Nigeria and other African countries expect to see robust trading, low-cost and seamless transactions under the AfCFTA as 12 banks and four switching companies have been onboarded into the Pan-African Payment and Settlement System (PAPSS), Mike Ogbalu, CEO said Thursday.
The names of the banks were not available at the time of filing in this report. However, Godwin Emefiele, governor of the Central Bank of Nigeria (CBN), and Ade Ayeyemi, CEO of Ecobank Transnational Incorporated (ETI) told BusinessDay that more banks and switching companies were being encouraged to sign up to PAPSS.
A Pan-Africa payment and settlement system will be the enabling infrastructure to spur the growth of intra-African trade and commerce, with the active participation of central banks, financial institutions, regional economic communities, private sectors, and other stakeholders, he said.
PAPSS is expected to save the continent more than $5 billion in payment transaction costs each year.
“With every bank onboarded to PAPSS, it will enable thousands of their clients to trade within Africa,” Ogbalu said.
He said every bank joining PAPSS gains access to trades with tens of thousands of end-users already connected through its growing community of financial institutions. Every central bank joining the PAPSS infrastructure extends collective reach to millions more with the resultant positive impact on intra-African trade.
“Together, we will create the foundational support for the innovation of trade and payment solutions which will help the continent solve uniquely African challenges,” he said.
The PAPSS pilot in WAMZ central banks has been completed and all six central banks have tested and gone through the trial operations, he noted. In the last week of August 2021, all the central banks became live on the system and have since been sending through live transactions across the WAMZ region.
On the journey so far, Ogbalu said the project started in 2016 with various engagements to understand the existing regional payment systems, their pros, and cons and how best to approach the establishment of an Africa-wide payments infrastructure. Engagements took place with regional economic communities, including COMESA, East African Community, and SADC, as well as with all major payment systems operators in Africa. Furthermore, discussions with the West African Monetary Zone (WAMZ) commenced in 2017 and following successful interactions with them, the central bank governors of the zone agreed to implement a pilot scheme of the system as a proof of concept.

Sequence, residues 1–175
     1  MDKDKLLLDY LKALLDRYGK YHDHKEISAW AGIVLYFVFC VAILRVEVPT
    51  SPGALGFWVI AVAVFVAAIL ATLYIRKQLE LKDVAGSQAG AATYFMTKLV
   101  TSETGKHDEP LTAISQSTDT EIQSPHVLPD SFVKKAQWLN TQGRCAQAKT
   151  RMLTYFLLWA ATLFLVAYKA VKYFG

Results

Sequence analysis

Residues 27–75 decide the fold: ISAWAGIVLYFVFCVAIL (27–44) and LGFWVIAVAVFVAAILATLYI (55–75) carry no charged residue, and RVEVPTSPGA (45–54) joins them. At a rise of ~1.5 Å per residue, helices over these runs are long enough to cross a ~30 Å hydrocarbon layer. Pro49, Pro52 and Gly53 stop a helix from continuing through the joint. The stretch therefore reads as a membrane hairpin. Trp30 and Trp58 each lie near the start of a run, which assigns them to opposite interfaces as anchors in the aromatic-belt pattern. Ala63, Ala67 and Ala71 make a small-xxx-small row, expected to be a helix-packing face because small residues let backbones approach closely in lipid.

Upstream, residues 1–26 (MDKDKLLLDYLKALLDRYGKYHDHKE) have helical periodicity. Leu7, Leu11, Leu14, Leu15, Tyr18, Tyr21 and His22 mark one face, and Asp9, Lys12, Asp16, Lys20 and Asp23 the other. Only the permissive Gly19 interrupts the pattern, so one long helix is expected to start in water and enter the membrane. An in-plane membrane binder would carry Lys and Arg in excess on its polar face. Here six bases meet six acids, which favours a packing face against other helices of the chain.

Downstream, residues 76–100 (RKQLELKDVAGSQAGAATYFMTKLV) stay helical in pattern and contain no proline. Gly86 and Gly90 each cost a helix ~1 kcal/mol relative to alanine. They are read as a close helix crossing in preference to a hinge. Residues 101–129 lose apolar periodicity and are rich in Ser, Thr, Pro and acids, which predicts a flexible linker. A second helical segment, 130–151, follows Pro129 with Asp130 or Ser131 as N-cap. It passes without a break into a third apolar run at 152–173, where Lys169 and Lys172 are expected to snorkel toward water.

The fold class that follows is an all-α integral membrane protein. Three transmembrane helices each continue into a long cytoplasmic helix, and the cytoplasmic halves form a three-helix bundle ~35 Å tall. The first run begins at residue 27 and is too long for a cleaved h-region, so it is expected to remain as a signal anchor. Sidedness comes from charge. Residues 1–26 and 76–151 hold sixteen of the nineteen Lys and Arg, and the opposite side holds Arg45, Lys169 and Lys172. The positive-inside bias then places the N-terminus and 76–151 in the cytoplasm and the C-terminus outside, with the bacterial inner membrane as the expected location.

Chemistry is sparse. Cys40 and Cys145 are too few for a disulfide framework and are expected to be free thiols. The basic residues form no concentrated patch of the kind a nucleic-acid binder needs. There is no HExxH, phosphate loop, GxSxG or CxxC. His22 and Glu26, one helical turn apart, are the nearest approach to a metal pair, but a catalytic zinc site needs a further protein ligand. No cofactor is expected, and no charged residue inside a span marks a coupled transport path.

Subsequently, systems development commenced as well as the development of the regulatory framework including the PAPSS Bye Law, scheme rules and membership agreements and other establishment structures required for instituting the system.
Wamkele Mene, secretary-general, AfCFTA Secretariat, said since the commencement of trading under the AfCFTA began on January 1, 2021, significant improvements have been recorded in other key aspects of the implementation of the agreement.
These include an increase in the number of AfCFTA state parties from 35 (64%) in December 2020 to 39 (73%) at the end of last year; improvement in the agreement on the AfCFTA rules of origin from 81.8 percent to 88.6 percent; activation and operationalisation of the Dispute Settlement Body (DSB), a key pillar in the successful implementation of the agreement, in April.
The Appellate body is also being constituted; and successful hosting of the second edition of the IATF in Durban, South Africa, in November 2021, where a record $ 42.1 billion trade and trade-related deals were agreed, among others.
Emefiele said the CBN would facilitate the widespread adoption, acceptance and implementation of PAPSS.
“The CBN will ensure that financial institutions under its jurisdictions embrace PAPSS as we confidently recommend it to businesses across Nigeria. I call on everyone to support this laudable initiative and jointly make it a success “, he said.